HB 4999 ( Guzzardi, D-Chicago) prohibits an employer or prospective employer from requiring an employee to access a personal online account in an employer’s presence, invite the employer to join an online group affiliated with a personal online account, or join an online account established by an employer. The bill also prohibits an employer from requiring username and passwords for personal online accounts.
HB 5025 (Welch) p rovides that references to "regional superintendent" shall also include a chief administrative officer of certain educational service centers and that references to "assistant regional superintendent" shall include one assistant appointed by a chief administrative officer.
HB 5529 ( Crespo, D-Streamwood) extends the expiration date of the law that allows for school districts to make interfund transfers of funds for three more years.
HB 5683 (Breen, R-Lombard) expands reasons people can sue for presumed Open Meetings Act violations.
HB 5684 (Breen) provides that employers under IMRF may not pay a disclosable payment to a retiring employee before the expected date of retirement without first disclosing certain information about the payment at a public meeting of the governing body of the employer.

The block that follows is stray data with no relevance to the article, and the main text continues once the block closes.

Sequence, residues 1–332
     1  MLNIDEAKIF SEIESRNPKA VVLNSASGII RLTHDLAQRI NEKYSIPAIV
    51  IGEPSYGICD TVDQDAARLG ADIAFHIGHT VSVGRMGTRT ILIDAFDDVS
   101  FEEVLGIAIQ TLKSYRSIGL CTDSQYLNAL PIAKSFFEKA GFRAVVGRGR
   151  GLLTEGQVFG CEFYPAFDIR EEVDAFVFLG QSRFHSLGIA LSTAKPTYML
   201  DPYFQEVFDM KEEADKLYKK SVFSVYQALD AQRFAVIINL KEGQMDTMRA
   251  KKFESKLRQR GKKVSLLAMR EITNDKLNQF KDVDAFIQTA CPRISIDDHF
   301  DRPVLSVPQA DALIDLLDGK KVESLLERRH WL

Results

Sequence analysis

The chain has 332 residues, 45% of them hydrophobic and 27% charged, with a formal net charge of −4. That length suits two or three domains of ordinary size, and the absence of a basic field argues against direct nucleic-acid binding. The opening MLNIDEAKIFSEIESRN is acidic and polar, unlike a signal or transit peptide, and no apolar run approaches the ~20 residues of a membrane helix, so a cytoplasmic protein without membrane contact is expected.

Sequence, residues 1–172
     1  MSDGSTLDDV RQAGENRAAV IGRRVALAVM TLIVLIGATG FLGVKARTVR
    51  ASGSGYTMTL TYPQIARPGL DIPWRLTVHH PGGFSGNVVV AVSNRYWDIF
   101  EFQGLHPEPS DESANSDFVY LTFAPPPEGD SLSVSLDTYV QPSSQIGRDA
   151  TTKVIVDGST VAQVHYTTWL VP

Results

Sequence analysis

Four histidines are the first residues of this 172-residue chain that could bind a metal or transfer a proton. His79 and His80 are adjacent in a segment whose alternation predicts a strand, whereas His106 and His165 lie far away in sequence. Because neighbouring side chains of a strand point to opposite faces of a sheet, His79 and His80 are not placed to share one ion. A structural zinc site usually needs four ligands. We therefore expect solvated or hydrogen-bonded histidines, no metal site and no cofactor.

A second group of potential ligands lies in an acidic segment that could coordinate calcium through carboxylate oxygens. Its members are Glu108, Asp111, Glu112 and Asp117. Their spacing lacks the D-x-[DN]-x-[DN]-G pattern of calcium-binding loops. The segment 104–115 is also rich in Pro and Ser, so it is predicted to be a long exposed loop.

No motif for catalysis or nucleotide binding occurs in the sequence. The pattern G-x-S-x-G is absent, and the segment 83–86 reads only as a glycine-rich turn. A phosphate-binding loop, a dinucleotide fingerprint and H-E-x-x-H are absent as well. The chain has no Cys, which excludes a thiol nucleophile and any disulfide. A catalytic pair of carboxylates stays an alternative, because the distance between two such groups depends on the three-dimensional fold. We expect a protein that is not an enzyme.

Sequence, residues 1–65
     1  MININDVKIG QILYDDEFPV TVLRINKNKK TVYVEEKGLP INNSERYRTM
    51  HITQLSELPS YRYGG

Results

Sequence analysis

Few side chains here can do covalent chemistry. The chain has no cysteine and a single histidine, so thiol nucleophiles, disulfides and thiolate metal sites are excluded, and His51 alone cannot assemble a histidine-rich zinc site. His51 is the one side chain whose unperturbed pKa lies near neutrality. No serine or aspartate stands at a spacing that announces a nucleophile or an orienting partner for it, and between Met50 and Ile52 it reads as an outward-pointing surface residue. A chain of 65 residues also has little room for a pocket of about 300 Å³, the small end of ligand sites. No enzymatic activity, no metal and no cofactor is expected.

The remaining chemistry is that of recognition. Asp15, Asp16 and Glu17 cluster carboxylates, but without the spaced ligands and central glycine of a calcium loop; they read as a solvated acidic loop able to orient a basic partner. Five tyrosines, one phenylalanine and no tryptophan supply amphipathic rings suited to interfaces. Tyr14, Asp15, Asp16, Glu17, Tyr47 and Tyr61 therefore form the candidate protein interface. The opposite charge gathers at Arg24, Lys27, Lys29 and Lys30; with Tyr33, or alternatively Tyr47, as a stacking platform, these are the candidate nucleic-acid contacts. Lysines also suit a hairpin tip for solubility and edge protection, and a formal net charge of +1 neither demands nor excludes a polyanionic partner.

HB 5902 ( Guzzardi) provides that a student journalist has the right to exercise freedom of speech and of the press in school-sponsored media, regardless of whether the media is supported financially by the school district or by use of school facilities or produced in conjunction with a class in which the student is enrolled. School officials, defined as the school principal or designee, shall determine and notify students of any limitation of student expression under this Act.
HB 6252 (Willis, D-Northlake) allows an elementary school district to withdraw from its special education joint agreement program under certain circumstances.
This legislative report was written and edited by the lobbyists of the Illinois Association of School Boards to provide information to the members of the organizations that comprise the Statewide School Management Alliance.